Jacob Schor, ND, September 16, 2007
On the hunt at Costco this past week, I tracked down a BlendTec home blender, probably the wildest and most expensive blender I will ever own. With a three-watt motor, it can puree a quart of ice cubes, fruit and miscellaneous ingredients into a smoothie in 25 seconds.
The plan justifying the unholy cost of this gadget is that our family will start consuming more fruits and vegetables because of this thing sitting on our kitchen counter.
My current fixation on fruits and vegetables stems from my current study project. I’ve been reading and then rereading a paper by Bharat Aggarwal from the MD Anderson Cancer Center in Texas and Shishir Shisodia of Texas Southern University. Aggarwal sums up what we know, well better said as, what they know, about how dietary agents work in cancer therapy.
One of the most fascinating aspects of treating cancer using naturopathic therapies is watching the evolving science which supports our practices. The advancements in scientific understanding of the fine biochemical details of how dietary agents act in the last few years is mind boggling. Keep in mind that when I sat in my first biology class, professors were still in awe of Francis and Crick and the double helix, that, if no longer cutting edge, was still the high point of biological understanding.
Diet is the biggest arbiter in whether a person does or doesn’t get cancer. People who migrate from a country that has a low per capita risk of getting cancer to a country with high risk, quickly assume the risk of people in their adopted country. At least they do, when they adopt the diet of their new country. An estimated 75-85% of all chronic diseases are linked to diet and lifestyle and cannot be explained by genetics. As exciting as the new technology that identifies genetic predispositions that increase odds of getting cancer is, genetic cancers are in the minority. It’s diet and lifestyle that usually decide, not genes.
Over the years, researchers keyed in to the idea that fruits and vegetables are important in preventing these chronic diseases and began to identify active chemical constituents that they felt were responsible for conferring protection against disease. These days the list of bioactive agents obtained from fruits and vegetables has grown quite long. The interesting part is that the list of molecular targets that these food agents act on has also grown in length and detail.
In my first draft of this newsletter, I included a very detailed list of the 16 most important chemical pathways and a list of which nutritional supplements effect these pathways to prevent or limit cancer growth. Having fallen asleep twice compiling this list, I decided not to bore you with all the details and will simplify it greatly. The bottom line here is what is important.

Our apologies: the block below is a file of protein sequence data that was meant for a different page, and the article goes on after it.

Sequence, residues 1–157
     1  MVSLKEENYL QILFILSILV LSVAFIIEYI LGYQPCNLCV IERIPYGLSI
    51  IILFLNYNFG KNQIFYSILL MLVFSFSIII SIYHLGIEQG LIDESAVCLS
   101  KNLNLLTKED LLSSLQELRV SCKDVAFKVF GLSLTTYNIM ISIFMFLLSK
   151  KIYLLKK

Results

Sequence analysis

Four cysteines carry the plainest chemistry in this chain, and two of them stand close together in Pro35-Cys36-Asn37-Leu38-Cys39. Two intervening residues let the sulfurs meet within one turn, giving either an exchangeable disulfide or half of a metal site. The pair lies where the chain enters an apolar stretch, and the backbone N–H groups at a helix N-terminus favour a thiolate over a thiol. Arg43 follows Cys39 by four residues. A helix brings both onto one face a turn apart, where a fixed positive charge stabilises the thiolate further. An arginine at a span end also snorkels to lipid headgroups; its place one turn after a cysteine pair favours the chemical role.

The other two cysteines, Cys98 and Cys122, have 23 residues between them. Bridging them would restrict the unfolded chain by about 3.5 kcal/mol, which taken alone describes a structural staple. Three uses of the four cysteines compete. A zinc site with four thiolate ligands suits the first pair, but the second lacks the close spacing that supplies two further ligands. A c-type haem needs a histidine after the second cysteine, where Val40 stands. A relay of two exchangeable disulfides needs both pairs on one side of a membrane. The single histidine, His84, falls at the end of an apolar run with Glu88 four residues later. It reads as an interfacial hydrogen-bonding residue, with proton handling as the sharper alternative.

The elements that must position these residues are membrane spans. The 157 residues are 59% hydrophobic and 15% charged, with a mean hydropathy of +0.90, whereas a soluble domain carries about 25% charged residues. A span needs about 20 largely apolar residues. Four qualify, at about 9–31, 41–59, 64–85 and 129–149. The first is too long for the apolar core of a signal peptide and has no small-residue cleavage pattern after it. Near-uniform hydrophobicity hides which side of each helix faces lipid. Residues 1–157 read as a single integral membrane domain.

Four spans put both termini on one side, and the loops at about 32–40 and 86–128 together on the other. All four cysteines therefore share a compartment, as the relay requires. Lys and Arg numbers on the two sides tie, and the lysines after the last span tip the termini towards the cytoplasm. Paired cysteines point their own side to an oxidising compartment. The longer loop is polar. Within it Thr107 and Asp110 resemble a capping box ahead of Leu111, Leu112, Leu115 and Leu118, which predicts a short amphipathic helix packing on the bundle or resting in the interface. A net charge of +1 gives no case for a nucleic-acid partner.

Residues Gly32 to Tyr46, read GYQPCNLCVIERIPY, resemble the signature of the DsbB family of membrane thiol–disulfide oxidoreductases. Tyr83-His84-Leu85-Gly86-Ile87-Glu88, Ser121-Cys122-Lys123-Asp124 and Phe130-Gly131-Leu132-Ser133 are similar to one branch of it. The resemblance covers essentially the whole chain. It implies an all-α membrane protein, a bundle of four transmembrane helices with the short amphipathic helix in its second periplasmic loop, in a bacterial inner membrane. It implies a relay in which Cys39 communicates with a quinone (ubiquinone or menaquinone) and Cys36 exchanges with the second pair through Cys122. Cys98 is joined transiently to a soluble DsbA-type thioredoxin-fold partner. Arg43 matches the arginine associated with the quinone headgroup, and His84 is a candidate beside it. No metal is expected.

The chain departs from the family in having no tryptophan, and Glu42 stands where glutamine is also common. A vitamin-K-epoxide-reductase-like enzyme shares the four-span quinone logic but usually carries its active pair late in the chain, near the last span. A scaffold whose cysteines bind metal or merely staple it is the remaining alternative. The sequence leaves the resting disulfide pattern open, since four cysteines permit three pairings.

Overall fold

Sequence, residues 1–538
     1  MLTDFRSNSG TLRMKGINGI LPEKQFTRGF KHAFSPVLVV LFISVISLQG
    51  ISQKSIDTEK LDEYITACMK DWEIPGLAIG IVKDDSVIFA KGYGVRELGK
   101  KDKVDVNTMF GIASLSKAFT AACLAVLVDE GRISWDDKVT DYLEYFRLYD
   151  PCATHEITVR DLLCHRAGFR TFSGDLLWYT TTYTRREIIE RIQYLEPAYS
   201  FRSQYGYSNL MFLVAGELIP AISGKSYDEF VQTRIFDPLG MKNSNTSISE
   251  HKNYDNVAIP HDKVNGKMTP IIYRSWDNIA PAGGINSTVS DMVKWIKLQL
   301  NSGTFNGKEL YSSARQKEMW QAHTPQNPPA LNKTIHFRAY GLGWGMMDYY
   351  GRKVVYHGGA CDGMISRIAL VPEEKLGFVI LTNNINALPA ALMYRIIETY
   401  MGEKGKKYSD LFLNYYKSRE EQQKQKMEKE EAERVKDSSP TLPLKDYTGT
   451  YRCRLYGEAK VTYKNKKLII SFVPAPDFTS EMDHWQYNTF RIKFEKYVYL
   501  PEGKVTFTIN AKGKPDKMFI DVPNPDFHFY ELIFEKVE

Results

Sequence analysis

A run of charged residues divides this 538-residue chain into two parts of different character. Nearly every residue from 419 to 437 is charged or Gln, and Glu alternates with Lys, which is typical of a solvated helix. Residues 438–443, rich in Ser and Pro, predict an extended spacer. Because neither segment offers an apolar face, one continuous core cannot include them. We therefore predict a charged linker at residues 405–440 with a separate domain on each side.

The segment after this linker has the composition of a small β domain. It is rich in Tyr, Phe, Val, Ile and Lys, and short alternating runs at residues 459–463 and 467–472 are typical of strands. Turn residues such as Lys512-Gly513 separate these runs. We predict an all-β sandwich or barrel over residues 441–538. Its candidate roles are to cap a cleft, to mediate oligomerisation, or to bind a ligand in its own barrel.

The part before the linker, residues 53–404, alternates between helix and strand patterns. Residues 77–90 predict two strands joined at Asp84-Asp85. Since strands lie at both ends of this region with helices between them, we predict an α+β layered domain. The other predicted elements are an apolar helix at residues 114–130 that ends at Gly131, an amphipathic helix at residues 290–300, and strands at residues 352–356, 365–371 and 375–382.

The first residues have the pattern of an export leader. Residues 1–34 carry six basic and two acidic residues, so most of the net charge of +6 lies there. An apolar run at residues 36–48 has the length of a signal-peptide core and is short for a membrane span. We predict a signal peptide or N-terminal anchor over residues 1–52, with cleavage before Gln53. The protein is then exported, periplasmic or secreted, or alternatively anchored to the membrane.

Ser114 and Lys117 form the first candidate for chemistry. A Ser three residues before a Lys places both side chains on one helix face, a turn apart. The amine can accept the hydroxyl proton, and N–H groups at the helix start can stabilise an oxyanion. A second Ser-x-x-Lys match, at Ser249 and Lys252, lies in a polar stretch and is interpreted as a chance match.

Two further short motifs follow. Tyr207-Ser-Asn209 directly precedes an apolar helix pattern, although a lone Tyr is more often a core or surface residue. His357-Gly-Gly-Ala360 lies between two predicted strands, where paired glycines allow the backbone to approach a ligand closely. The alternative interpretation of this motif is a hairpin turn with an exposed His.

The bottom line is that the same few chemical compounds appear repeatedly over and over to effect each of the pathways on the lists. Curcumin appears most often, that is, it affects the greatest number of chemical pathways. Resveratrol, a chemical isolated from grapes and certain Chinese herbs (Polygonum cuspidatum in particular) came in second. Also near the top of the list are the catechins and flavonols from green tea, and then quercetin, and genistein. Of course, there are some odd little tidbits. The only target reaction so far known to be effected by black raspberries is serine/threonine protein kinase Akt/PKB, better known as cell survival kinase Akt.
For those of you who might like big words and their abbreviations, here is the basic list of 16 molecular targets of bioactive agents:
- Nuclear factor-kappa B (NF-kB)
- Activator protein-1 (AP-1)
- Cell Cycle
- Cell survival kinase Akt
- Tumor suppressor gene p-53
- Growth factor signaling pathways
- Chemokines and metastasis
- Tumor necrosis factor (TNF)
- Signal transducer and activator of transcription (STAT)
- Cyclooxygenase-2 (COX-2)
- Lipoxygenase (LOX)
- Inducible nitric oxide synthase (iNOS)
- Mitogen-activated protein (MAP) kinases
- DNA methylation
It is becoming ridiculously obvious that there are numerous agents found in fruits and vegetables that interfere with cell-signaling pathways in cancer cells. In their natural form in food, these chemicals can prevent cancer. In their purified forms, they can be used alone or in combination to treat cancer. In the concluding line of their paper’s abstract, Aggarwal and Shishodia wrote, “This work reaffirms what Hippocrates said 25 centuries ago, let food be thy medicine and medicine be thy food.”
I wonder what Hippocrates would say about our new blender.
Biochem Pharmacol. 2006 May 14;71(10):1397-421. Epub 2006 Feb 23. Links
Molecular targets of dietary agents for prevention and therapy of cancer.
Aggarwal BB, Shishodia S.
Cytokine Research Laboratory, Department of Experimental Therapeutics, The University of Texas M.D.
Anderson Cancer Center, Box 143, 1515 Holcombe Boulevard, Houston, TX 77030, USA.
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